Gingrich Wins Over CNN for Not Being 'Negative Nasty Anti-Media' Newt

CNN's Gloria Borger has been covering Newt Gingrich for decades. (I still recall her in 1989 calling him a "frisky chipmunk," as in he "resembles a frisky chipmunk scurrying from idea to idea and storing too many bad ones.") But Borger on Tuesday night concluded he had a good debate.

He was 'the good Newt, the smart Newt" and not the "negative nasty anti-media...Newt." It's true that Gingrich didn't pull out a trademark "J'accuse" against Wolf Blitzer. Perhaps Newt would say he's now seen "the good Gloria, the smart Gloria, not the the negative nasty anti-Newt Gloria." David Gergen also applauded Gergen for breaking from "orthodoxy" and embracing the "humane" side of immigration.

The post-debate panel on CNN agreed Newt was the winner, and John King suggested he had the most to lose.

BORGER: I say Newt Gingrich had a very good debate. The thing about Newt Gingrich, I've covered him for a really long time, because you never know who's going to show up, right? And it could be the good Newt, the smart Newt, the full-of- ideas Newt, who I think we saw tonight. Or it could be the negative, nasty, anti-media, down...

ARI FLEISCHER: Well, wait a minute on the anti-media stuff. Hold on.

BORGER: Newt Gingrich. And I think tonight we saw the first Newt Gingrich, the more positive Newt Gingrich, who sort of had a vision for -- and took on Ron Paul, I think, and the Patriot Act debate. It was very, very interesting.

And we saw the intellectual Newt, the professorial Newt. But he was appealing, which is something I don't think he's really been before. And I think it's probably because he's more relaxed, and he's doing better in the polls, and people like him. So I think he was more likable this evening.

A little earlier, CNN analyst David Gergen said Gingrich's position on immigration -- despite the bizarre conflation of a law-abiding illegal alien -- is right where the American people are:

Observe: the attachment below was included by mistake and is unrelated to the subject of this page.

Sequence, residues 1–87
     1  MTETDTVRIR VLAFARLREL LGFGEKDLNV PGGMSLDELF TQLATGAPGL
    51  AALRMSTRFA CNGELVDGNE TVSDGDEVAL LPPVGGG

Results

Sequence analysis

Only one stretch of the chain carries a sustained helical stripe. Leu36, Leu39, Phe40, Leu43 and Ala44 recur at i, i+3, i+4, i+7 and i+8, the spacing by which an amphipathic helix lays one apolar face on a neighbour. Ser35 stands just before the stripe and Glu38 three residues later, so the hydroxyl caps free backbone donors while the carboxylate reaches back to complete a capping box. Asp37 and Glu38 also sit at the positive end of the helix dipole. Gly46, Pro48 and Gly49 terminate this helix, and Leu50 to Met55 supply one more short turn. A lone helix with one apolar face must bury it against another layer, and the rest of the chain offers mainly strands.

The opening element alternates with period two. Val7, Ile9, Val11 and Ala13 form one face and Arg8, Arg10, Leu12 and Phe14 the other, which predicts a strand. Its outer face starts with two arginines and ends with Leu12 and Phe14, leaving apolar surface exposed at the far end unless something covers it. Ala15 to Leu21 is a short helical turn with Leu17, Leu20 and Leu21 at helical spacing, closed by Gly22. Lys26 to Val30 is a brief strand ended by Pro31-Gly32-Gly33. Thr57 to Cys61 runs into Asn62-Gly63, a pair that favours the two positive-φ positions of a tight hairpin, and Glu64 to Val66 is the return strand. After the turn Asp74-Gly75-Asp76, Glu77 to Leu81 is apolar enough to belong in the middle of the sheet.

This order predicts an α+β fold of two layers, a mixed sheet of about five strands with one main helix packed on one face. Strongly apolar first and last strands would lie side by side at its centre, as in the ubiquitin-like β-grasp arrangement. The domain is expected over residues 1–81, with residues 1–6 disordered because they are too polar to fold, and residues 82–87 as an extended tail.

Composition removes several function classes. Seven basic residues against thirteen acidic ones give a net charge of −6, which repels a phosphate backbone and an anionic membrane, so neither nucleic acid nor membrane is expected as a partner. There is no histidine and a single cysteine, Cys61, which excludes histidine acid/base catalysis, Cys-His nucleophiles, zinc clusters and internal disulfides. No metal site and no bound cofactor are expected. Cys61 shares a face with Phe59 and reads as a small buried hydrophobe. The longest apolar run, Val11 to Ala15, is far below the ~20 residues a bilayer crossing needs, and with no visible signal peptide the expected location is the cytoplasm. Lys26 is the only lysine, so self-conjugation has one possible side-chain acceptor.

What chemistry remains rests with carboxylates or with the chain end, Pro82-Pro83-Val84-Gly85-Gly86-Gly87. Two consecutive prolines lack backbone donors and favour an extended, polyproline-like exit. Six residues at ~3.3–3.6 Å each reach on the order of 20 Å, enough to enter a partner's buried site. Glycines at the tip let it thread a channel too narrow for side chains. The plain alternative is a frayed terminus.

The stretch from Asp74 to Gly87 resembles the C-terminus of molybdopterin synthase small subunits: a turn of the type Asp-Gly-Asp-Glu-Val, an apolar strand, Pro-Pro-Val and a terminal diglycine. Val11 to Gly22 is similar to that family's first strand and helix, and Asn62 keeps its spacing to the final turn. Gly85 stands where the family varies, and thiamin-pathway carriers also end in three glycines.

GERGEN: Look, I have a bias. Good for him. He broke with the orthodoxy. He did have to take a more humane position. And by the way, this is what most Americans want. They want to distinguish between those people who have been here a long time and who have let their families stay versus those who have been here a short time. And you depart from that, as you said.

But just to go back to the politics of it, yes, I think he's going -- I think he'll take a hit in the conservative community. He will also get credit for being willing to say what he believes. And I think with the broader public, John, he's just now, for the first time -- Americans who are not Republicans, independents are thinking, might Newt Gingrich actually be the candidate? With a lot of those people seeing the humane side of Gingrich tonight, I think was a plus. You know, it's part of -- I kept thinking about this is a man who's also asking for redemption and is seeking redemption in his own personal life.

How is Gergen squaring that circle? Forgiveness for illegal aliens naturally follows forgiveness for Newt's adultery during the Year of Lewinsky and the three marriages?

Tim Graham
Tim Graham
Tim Graham is Executive Editor of NewsBusters and is the Media Research Center’s Director of Media Analysis